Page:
Anglers can become pretty set in their ways. However, if you’re not catching fish, take time out for a few minutes and think of a different approach for the remainder of the day, perhaps a different fly, a different bait, or even a different location in the case of sea fishing.
It’s quite logical. Why persist in the face of failure without making an adjustment? After all, it’s an old rule of thumb in sports – if you’re not winning, change tactics.
In fishing terms, if you’re not catching fish, look to change tactics so you do catch one.
I recall days when it stuck out like a sore thumb. We fished for snapper one morning in the Kenepuru Sound, a side inlet of the Pelorus Sound in the Marlborough Sounds. We started about 9am in the morning sun – not the best choice admittedly. After four hours of ‘dead’ fishing, my buddy suggested we shift locations.
So, we shifted around to the main Pelorus Sound. It was an outgoing tide. Current flow is important with snapper. Slack tide at high or low tide is almost always unproductive. We changed locations and had a ball catching several good-sized snapper.
A good angler will be searching for a changed approach if fishing is drawing a blank. If it’s dead, put the thinking cap on and explore different approaches. With sea fishing, it may be a different bait or colour soft bait or jig.
Anglers can also try employing the ‘change in tactics’ strategy with a range of baits. Recently, my friend Ben was out fishing and was scoring tarakihi on prawns bought from the supermarket. No other baits – kahawai, squid, pilchards – had anywhere near the success he had.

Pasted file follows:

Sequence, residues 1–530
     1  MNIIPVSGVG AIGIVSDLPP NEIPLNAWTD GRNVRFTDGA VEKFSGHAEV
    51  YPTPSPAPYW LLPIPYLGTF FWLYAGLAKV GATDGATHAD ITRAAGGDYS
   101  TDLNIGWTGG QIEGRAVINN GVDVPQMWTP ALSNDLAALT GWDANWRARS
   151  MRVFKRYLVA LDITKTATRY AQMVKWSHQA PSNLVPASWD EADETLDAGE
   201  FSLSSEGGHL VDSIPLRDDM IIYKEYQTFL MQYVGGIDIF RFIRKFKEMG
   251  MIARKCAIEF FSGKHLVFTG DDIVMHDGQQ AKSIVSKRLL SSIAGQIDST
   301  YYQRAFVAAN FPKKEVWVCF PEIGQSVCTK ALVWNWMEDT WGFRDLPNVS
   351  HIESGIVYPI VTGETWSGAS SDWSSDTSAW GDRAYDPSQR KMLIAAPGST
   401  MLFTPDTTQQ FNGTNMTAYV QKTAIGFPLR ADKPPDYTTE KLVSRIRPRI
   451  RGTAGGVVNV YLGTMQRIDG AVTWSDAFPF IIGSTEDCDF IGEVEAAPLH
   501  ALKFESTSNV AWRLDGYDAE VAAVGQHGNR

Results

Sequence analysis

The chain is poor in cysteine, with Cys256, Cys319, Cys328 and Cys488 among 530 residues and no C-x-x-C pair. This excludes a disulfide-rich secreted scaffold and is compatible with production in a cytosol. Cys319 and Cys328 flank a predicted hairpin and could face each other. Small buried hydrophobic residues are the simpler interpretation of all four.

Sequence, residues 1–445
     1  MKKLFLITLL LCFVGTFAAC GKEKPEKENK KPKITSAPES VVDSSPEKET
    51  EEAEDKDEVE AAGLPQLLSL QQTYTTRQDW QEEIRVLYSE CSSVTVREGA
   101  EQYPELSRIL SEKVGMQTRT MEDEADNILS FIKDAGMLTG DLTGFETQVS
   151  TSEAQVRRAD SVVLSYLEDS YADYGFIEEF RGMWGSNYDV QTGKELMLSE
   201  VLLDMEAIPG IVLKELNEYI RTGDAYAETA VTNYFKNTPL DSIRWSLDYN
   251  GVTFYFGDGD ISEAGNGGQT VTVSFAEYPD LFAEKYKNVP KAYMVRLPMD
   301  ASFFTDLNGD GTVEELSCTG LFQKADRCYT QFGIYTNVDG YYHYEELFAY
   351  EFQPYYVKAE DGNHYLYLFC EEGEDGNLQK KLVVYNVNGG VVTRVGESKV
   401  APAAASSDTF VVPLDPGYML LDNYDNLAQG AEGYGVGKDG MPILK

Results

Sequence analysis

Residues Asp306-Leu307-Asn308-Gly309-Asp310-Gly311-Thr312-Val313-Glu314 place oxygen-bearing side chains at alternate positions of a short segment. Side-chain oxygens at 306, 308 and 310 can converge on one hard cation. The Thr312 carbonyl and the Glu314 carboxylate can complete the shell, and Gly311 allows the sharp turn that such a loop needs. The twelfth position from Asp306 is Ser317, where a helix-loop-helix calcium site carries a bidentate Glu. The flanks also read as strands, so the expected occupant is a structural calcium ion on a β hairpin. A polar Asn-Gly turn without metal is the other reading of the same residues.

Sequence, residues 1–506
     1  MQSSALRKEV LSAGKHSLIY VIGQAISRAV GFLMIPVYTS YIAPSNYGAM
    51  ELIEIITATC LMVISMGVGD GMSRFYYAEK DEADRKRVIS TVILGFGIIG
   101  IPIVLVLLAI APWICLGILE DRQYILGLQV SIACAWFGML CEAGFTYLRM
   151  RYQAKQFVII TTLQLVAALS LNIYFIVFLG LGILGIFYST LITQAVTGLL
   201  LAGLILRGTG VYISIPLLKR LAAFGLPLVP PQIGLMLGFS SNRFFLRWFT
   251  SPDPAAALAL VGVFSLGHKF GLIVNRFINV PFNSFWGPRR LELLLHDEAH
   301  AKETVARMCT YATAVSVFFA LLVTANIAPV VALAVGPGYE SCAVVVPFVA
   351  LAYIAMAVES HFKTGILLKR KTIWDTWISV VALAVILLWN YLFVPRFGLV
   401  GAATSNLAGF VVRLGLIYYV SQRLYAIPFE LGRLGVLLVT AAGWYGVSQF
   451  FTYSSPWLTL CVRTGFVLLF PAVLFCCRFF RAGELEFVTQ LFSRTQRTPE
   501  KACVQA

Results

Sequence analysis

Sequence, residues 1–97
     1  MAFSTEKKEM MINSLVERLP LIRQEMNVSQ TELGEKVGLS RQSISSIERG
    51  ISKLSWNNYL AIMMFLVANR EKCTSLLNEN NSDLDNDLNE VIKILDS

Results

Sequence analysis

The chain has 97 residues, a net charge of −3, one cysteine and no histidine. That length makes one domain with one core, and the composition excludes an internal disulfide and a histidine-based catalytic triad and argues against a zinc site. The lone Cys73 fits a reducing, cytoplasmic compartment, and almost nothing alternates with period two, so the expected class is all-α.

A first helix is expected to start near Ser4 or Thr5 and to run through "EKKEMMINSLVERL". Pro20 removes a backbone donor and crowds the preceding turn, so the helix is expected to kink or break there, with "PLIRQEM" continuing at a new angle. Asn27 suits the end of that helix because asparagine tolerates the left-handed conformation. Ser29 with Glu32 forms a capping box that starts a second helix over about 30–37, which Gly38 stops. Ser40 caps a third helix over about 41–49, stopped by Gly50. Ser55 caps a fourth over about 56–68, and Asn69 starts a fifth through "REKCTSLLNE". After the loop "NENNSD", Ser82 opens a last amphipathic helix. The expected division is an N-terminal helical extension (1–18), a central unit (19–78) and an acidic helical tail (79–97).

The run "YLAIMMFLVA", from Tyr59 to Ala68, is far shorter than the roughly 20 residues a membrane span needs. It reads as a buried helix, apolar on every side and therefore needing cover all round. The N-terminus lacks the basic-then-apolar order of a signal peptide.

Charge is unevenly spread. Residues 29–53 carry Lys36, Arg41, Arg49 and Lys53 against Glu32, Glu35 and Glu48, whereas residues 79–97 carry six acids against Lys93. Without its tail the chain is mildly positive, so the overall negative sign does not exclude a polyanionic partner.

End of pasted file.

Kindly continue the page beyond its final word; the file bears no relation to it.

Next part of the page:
On another day, I found anchovies were the only bait on the snapper’s menu. Trying pilchard, squid, and yellow-eyed mullet drew blanks. Snapper can be by nature, at times, fastidious, as the preference for anchovies showed.
Change to deeper or shallower water can also help. As a rule, fish deeper water during the day, but at dusk or dawn, try shallower.
Even kahawai at times can be fussy. Some days I’ve seen big kahawai just quietly following the spinner or fly in without taking. The usual moderately fast retrieve was not appealing. I tried retrieving as fast as I could but had no luck. So, I went to the other extreme – slow. Jackpot!
The ‘change of tactics’ approach is a matter of attitude. Avoid getting into a mindset of fishing just one way. Anglers can be reluctant to change from ways that have succeeded in past days. They think it should work again and again, but it doesn’t work like that. Yesterday has gone, today’s the day. If you’re not succeeding, try again but in some different way.